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Ready meals with a good conscience
Studies from the Danish Agriculture & Food Council also show that partially prepared food provides a source of inspiration for the evening meal and no longer results in a bad conscience. However, many consumers do not think that fully or partially prepared food tastes better than the food they cook themselves.
Ready meals are becoming part of everyday life
The percentage of fully or partially prepared food bought in supermarkets and other outlets has been increasing over the last few years. According to Euromonitor, the trend is set to continue. However, although the figures from Euromonitor show a growth, not all consumers believe that they are actually buying more ready-made food. This perhaps indicates that ready meals are gradually becoming part of everyday life.
Pizza and rye bread are the most popular meals
Pizza and rye bread are what consumers eat when they opt for fully or partially prepared food. One in two people has eaten either pizza or rye bread within the last two months.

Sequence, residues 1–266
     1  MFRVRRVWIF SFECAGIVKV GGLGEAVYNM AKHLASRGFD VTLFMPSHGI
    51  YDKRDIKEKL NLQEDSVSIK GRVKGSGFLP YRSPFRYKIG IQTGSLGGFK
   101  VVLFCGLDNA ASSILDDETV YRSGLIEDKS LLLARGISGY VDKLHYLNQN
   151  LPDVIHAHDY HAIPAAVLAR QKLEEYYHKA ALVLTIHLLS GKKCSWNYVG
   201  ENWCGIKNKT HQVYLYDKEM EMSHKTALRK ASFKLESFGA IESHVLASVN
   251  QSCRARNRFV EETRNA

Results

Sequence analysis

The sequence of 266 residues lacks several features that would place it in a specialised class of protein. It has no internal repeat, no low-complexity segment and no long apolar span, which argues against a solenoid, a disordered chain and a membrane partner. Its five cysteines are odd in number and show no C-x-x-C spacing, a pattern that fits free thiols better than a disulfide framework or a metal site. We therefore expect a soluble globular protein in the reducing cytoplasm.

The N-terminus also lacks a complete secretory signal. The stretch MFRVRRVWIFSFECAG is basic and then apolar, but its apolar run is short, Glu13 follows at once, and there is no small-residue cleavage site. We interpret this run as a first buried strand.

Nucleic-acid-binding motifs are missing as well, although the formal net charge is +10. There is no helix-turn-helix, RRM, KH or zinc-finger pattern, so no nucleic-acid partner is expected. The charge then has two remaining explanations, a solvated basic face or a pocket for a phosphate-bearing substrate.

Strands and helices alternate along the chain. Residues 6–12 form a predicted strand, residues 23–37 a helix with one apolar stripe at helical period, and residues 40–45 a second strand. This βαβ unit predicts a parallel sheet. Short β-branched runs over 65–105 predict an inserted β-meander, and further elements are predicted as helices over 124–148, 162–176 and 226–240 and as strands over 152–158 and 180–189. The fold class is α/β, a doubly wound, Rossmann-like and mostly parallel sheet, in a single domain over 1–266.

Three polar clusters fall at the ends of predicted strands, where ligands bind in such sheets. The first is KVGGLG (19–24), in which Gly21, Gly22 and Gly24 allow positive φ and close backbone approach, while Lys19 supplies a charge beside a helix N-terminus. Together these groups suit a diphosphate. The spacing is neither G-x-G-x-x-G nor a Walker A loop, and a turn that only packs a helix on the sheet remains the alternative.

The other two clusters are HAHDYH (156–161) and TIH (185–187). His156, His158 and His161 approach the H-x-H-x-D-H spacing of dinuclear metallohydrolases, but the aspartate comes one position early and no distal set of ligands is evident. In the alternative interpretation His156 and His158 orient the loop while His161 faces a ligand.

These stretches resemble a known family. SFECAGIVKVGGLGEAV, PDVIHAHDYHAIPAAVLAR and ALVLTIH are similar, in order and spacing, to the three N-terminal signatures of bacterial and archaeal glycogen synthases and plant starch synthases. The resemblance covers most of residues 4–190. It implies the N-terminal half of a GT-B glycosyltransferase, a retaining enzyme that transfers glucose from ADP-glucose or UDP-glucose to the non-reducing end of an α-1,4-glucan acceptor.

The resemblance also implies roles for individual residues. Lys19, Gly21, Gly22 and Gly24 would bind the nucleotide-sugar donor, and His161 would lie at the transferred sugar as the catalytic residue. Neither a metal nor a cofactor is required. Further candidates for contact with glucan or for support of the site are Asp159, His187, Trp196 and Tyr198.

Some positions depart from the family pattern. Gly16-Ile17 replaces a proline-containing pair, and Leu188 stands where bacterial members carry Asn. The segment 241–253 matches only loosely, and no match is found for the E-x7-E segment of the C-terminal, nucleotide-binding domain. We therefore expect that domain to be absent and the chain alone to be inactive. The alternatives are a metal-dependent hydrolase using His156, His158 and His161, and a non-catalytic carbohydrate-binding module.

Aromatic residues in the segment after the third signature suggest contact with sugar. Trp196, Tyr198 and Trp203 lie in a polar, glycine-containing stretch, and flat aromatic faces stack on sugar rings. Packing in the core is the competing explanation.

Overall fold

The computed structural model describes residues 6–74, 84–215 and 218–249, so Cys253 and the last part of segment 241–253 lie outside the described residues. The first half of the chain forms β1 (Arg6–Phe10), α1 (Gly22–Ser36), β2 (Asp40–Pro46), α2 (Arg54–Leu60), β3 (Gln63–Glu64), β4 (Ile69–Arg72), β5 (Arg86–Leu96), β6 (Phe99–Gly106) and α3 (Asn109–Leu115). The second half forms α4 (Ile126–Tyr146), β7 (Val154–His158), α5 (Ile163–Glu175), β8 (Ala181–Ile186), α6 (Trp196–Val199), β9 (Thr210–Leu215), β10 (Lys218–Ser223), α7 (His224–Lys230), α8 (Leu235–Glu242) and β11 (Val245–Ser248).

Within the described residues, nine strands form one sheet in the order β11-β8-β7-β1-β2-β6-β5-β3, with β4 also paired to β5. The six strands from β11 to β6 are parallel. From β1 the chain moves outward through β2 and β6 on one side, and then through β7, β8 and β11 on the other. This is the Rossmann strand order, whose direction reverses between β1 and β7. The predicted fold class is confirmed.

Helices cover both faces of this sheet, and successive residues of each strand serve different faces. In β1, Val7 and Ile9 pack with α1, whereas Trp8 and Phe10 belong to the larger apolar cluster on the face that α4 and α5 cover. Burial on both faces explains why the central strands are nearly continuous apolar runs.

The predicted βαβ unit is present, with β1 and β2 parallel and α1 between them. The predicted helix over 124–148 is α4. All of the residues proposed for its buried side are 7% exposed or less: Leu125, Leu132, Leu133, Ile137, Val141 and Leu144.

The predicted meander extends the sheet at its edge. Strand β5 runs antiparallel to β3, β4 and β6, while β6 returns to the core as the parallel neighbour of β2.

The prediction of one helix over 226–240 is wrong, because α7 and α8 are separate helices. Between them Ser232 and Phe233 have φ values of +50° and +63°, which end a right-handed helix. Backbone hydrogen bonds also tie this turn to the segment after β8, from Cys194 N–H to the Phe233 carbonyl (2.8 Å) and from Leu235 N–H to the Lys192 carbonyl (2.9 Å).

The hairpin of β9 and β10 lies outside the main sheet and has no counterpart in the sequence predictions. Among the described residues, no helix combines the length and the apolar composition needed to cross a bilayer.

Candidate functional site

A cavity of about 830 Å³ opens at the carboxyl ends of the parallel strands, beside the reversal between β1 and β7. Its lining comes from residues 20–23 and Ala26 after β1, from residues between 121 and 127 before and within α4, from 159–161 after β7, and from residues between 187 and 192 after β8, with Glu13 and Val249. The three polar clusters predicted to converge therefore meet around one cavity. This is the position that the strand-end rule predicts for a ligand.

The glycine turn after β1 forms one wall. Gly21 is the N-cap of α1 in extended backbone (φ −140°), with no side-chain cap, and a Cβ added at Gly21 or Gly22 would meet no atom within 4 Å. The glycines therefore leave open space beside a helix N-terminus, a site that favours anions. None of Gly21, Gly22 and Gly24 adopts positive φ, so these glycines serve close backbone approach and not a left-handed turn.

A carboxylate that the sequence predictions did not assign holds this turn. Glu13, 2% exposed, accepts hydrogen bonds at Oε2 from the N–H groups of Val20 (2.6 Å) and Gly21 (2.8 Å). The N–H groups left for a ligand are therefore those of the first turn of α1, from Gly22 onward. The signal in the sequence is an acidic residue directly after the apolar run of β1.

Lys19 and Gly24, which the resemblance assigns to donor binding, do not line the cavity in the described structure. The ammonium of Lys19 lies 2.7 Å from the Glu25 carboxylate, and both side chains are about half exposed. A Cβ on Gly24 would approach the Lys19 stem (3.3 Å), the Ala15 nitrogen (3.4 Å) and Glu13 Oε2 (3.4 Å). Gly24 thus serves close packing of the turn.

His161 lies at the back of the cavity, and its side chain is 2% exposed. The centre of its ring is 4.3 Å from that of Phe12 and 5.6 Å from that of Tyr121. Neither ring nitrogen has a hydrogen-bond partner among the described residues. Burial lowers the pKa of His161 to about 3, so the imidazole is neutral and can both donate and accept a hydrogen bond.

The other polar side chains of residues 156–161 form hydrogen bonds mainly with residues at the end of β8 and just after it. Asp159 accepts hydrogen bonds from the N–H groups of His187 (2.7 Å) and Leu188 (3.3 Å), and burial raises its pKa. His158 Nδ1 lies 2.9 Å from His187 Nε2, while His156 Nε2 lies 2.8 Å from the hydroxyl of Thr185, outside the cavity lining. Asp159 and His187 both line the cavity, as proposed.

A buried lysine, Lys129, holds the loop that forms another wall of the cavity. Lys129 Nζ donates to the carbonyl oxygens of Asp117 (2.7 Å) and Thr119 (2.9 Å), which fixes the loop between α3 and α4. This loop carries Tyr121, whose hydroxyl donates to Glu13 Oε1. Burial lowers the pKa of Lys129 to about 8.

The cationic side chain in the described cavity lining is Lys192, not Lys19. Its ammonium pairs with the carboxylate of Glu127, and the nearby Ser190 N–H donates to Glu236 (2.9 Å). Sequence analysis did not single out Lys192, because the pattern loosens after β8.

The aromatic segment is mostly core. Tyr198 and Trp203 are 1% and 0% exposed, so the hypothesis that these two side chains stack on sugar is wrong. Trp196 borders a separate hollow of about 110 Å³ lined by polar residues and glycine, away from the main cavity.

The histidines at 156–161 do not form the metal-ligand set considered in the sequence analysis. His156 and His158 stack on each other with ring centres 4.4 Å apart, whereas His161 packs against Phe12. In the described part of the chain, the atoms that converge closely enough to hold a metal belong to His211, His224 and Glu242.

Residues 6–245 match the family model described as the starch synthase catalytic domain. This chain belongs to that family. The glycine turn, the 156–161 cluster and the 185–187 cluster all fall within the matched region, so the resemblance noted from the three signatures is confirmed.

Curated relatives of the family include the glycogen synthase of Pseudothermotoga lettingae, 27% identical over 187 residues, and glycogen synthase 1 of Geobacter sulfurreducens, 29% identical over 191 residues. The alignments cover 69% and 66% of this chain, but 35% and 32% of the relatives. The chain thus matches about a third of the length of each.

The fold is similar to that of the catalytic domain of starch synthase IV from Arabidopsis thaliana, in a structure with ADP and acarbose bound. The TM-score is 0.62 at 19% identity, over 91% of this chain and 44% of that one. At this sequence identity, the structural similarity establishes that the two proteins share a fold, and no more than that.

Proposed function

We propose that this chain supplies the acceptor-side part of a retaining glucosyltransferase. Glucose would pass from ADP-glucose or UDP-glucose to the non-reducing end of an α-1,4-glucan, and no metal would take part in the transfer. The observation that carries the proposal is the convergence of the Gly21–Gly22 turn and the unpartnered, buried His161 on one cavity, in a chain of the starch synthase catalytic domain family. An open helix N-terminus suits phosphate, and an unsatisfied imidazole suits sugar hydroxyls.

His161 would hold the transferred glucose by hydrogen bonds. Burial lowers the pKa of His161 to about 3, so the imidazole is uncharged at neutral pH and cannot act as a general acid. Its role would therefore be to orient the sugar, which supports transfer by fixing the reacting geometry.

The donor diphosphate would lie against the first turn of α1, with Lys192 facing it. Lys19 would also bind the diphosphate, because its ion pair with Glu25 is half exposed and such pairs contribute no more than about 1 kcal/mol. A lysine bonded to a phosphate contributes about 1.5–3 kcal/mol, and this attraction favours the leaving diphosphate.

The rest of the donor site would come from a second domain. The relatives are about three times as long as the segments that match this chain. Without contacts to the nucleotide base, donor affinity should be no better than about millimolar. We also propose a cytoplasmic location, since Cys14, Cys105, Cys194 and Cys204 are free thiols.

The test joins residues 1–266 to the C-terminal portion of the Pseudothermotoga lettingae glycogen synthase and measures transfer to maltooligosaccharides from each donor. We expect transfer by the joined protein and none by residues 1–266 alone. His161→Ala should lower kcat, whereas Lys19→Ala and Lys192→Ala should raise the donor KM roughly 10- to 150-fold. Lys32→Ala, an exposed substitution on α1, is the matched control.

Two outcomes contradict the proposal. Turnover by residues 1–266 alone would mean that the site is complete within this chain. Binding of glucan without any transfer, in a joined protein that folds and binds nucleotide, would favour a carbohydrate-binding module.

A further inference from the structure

Most ready meals focus on meat
In most cases, prepared food contains meat or has been purchased with the intention that meat should be included. 74 per cent of all meals include meat and in 57 per cent of cases, the meal is composed on the basis of meat. In the remaining 17 per cent, meat is also included, but is of secondary importance. Across all meal types, therefore, meat is a common component. It is most often present in hot food where at least one ingredient is ready-made. Beef and pork are the most prevalent.
74% ... of all fully or partially prepared dishes contain meat
Ready meals are for informal, fast everyday food
When asking Danes which occasion best describes why they ate a meal comprising fully or partial-ly prepared food, one in two consumers answered that it was because it was an informal occasion and they wanted a quick, everyday meal.
Ready meals are fast, practical and time saving